Jessop family joins call for review of police failing to I-D killer as a suspect years ago

Christine Jessop is seen on the left of this composite image and Calvin Hoover is seen on the right.

Christine Jessop's family has joined the call for an independent review of both Durham and Toronto Police, for failing to identify a suspect in her murder case, who earlier this month was revealed to have been her killer. 

On Monday, non-profit Innocence Canada, which was created in part because of the wrongful conviction and exoneration of Guy Paul Morin in the case, says the provincial government should commit to reviewing why then 28-year-old Calvin Hoover was never considered a suspect, despite his close ties to the family and having access to Christine. 

On October 15th, Toronto Police revealed through new DNA genealogy evidence that it was Hoover who likely kidnapped, sexually assaulted, stabbed and killed nine-year-old Christine, after she disappeared from Queensville, Ontario in October 1984, in what would become one of the most scrutinized murder cases in Canada's history. 

"Our prayers were answers on October 15, 2020. But the answer was not justice," Christine's brother Kenneth said in a statement. "It was a kick in the teeth. - With that answer came a million questions." 

"We support Innocence Canada in their call for an independent inquiry into this double miscarriage of justice. They convicted an innocent man of a horrendous crime. They also convicted an innocent family to 36 years of pain, hurt, whispers and nightmares. Now, we need justice."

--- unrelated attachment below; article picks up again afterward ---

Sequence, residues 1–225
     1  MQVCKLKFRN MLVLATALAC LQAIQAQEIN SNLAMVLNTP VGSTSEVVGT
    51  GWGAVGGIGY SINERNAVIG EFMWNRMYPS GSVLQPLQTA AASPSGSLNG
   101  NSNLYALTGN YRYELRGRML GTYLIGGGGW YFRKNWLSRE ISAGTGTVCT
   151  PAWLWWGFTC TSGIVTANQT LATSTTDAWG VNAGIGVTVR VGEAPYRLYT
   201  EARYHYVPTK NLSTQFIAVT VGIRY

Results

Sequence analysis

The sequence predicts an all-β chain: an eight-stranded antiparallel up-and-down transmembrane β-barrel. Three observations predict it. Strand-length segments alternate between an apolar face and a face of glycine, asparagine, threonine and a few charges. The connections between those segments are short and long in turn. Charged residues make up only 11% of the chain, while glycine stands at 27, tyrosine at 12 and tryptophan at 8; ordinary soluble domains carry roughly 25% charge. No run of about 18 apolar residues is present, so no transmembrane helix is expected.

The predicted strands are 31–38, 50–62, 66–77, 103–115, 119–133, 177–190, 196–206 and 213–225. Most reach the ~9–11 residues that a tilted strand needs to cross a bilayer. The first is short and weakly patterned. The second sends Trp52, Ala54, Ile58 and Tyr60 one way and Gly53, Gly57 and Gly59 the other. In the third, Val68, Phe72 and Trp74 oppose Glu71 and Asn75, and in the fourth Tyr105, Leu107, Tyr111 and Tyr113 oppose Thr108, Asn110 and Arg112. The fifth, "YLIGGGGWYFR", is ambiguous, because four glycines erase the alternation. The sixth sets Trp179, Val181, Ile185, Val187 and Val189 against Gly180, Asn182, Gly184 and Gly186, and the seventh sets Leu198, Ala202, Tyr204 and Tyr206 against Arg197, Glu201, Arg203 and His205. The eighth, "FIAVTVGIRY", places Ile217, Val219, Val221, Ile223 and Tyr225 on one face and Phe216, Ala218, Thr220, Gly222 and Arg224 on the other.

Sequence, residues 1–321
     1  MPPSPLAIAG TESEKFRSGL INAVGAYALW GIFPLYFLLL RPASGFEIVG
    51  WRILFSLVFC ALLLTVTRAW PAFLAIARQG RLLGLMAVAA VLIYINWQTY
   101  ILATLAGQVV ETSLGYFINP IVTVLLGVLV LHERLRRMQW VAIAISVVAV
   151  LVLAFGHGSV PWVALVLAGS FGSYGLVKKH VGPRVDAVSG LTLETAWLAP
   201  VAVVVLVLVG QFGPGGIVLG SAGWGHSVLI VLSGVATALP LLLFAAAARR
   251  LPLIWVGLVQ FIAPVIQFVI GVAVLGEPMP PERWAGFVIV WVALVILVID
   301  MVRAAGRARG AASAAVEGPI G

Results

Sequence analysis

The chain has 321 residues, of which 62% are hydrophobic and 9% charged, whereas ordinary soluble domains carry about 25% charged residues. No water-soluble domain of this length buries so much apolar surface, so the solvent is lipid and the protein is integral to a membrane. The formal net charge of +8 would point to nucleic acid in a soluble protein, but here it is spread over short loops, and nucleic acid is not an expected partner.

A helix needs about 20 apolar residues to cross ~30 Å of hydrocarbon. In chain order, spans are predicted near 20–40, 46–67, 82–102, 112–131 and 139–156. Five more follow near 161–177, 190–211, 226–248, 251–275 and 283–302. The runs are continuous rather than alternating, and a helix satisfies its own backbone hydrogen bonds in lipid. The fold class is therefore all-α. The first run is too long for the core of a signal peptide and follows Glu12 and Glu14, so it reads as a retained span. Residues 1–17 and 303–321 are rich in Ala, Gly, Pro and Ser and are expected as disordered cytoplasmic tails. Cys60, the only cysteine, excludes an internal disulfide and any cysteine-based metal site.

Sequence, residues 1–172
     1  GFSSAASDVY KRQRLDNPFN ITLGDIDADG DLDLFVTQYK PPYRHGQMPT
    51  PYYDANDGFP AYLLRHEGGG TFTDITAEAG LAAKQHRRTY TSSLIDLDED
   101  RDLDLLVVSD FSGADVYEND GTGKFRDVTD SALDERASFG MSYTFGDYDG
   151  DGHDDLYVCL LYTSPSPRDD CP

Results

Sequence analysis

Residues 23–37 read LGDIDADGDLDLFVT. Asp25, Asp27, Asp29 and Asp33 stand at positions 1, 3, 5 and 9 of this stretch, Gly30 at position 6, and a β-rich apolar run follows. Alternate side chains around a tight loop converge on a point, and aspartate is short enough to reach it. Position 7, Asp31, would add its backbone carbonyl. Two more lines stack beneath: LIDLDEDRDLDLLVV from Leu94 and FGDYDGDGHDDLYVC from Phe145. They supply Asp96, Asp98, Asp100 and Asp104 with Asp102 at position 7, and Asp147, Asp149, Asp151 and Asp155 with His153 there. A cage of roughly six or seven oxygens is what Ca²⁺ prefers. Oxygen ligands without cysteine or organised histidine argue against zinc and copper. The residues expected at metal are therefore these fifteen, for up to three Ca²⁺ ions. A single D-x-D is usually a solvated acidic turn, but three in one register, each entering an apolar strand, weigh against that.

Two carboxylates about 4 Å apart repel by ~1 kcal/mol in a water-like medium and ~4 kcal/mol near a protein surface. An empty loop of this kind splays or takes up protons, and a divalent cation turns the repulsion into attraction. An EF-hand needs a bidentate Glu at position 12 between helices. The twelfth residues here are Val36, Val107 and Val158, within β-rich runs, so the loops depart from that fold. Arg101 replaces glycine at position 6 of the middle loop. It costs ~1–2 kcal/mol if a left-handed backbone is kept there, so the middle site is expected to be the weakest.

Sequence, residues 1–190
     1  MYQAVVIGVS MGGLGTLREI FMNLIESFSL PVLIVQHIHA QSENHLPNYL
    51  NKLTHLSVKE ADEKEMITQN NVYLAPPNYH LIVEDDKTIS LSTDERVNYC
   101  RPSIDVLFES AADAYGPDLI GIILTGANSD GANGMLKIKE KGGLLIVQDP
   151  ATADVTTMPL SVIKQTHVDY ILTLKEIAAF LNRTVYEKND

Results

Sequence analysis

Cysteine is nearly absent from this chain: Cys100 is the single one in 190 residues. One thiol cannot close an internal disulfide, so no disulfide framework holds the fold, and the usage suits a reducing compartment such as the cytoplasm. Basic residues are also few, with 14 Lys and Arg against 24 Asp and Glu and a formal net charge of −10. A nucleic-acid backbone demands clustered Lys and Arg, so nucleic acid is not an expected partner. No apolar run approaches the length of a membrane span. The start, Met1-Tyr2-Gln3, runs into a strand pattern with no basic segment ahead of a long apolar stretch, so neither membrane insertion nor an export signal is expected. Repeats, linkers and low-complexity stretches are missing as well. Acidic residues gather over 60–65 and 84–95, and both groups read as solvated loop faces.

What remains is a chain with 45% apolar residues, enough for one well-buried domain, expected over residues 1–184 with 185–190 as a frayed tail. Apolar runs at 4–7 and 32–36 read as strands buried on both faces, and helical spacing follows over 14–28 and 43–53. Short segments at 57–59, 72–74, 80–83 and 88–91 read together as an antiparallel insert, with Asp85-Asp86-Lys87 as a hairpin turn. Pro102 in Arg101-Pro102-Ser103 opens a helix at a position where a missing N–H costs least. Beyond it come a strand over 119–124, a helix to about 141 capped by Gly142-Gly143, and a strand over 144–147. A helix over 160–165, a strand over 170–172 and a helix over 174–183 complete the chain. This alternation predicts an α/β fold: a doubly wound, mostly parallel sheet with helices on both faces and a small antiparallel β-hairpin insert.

Innocence Canada co-president Kirk Makin said the review could take various forms, be very specific and completely different from a 1996 inquiry, following the wrongful conviction and exoneration of Guy Paul Morin. 

"We are not looking for a replay," Makin said, adding the cost would be much cheaper than the millions of dollars that have already been sunk into this case. "We are looking at a very specifically targeted review into Hoover and how Hoover was not investigated by these two police forces." 

"It was not in any way looked at the by the previous inquiry because no one knew Hoover was out there, now we do." 

The ministry of the Attorney-General has already said such a probe however, is unnecessary. 

​"As Toronto Police Service is continuing to investigate, it would be premature to consider a public inquiry. Public Inquiries are usually established when there is no other effective mechanism to examine an issue. For these reasons, it would be inappropriate to comment further at this time," the ministry said in a statement this week. 

Toronto Police has already received 50 tips about Hoover's whereabouts and activities, since asking for the public's help following the October 15th announcement. 

In that case, Makin argues the ministry should still commit to a review whenever the TPS investigation is over.